A new study of the effects of fracking in Canada, “Hydraulic Fracturing and Seismicity in the Western Canada Sedimentary Basin” confirms the horizontal drilling technique (which in essence creates an underground mini-earthquake to open up fissures for oil and gas extraction) is responsible for earthquakes in western Canada, above and beyond what is already canonized in the scientific literature. Injecting fracking waste into underground wells can cause quakes. Now it's not just injections wells, but the fracking procedure itself being linked to seismic activity.

Polls in both Canada and the U.S. show a steady growth in opposition to fracking and the risks to drinking water it poses. Add the fact that fracking caused earthquakes are now common place and you have a very sound argument to end fracking.

View April 4, 2016 DeSmogBlog article
View March 30, 2016 Fusion article
View March 30, 2016 Gallup article
View March 29, 2016 Stanford News article
View March 29, 2016 DeSmogBlog article

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Seven Year Old Sues Pakistan Over Climate Change 10 April 16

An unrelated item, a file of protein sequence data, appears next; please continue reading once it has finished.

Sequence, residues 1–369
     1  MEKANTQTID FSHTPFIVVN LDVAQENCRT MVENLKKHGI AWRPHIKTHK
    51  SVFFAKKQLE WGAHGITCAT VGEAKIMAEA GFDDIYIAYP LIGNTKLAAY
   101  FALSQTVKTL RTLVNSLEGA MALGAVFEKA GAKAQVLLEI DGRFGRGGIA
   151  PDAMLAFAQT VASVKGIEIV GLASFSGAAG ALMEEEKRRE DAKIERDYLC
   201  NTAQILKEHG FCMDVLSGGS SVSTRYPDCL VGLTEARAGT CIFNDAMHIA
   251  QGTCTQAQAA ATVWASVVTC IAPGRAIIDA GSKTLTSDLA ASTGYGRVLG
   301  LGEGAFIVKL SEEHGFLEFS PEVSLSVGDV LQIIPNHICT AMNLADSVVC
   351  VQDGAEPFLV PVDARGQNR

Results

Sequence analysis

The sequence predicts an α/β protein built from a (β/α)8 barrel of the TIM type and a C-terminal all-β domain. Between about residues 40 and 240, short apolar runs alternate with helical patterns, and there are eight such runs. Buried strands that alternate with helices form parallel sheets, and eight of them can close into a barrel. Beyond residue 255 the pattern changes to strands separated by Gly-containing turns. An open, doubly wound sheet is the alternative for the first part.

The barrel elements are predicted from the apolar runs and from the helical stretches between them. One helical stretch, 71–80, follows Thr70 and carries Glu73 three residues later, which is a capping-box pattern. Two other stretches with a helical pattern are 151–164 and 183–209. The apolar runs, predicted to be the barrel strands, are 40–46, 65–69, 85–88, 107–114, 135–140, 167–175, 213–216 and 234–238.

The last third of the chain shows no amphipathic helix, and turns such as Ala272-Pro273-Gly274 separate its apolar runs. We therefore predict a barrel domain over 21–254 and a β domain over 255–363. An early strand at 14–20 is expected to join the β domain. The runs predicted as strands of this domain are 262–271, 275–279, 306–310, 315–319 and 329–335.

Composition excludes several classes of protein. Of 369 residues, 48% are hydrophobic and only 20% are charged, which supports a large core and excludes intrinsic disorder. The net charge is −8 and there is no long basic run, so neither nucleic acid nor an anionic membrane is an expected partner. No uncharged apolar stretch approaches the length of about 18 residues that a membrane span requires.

A 7-year-old girl, Rabab Ali, through her father and pro bono environmental attorney Qazi Ali Athar, and on behalf of all the Pakistani people, has filed a climate change lawsuit against the Federation of Pakistan in the Supreme Court of Pakistan. The Constitution Petition asserts that, through the exploitation and continued promotion of fossil fuels, in particular dirty coal, the Pakistan and Sindh governments have violated the Public Trust Doctrine and the youngest generation's fundamental constitutional rights to life, liberty, property, human dignity, information and equal protection of the law.

"The protection of these inalienable and fundamental rights is essential if we are to have any chance of leaving our children and future generations with a stable climate system and environment capable of sustaining human life," said Qazi Ali Athar, public interest environmental attorney representing his daughter as youth petitioner in the case.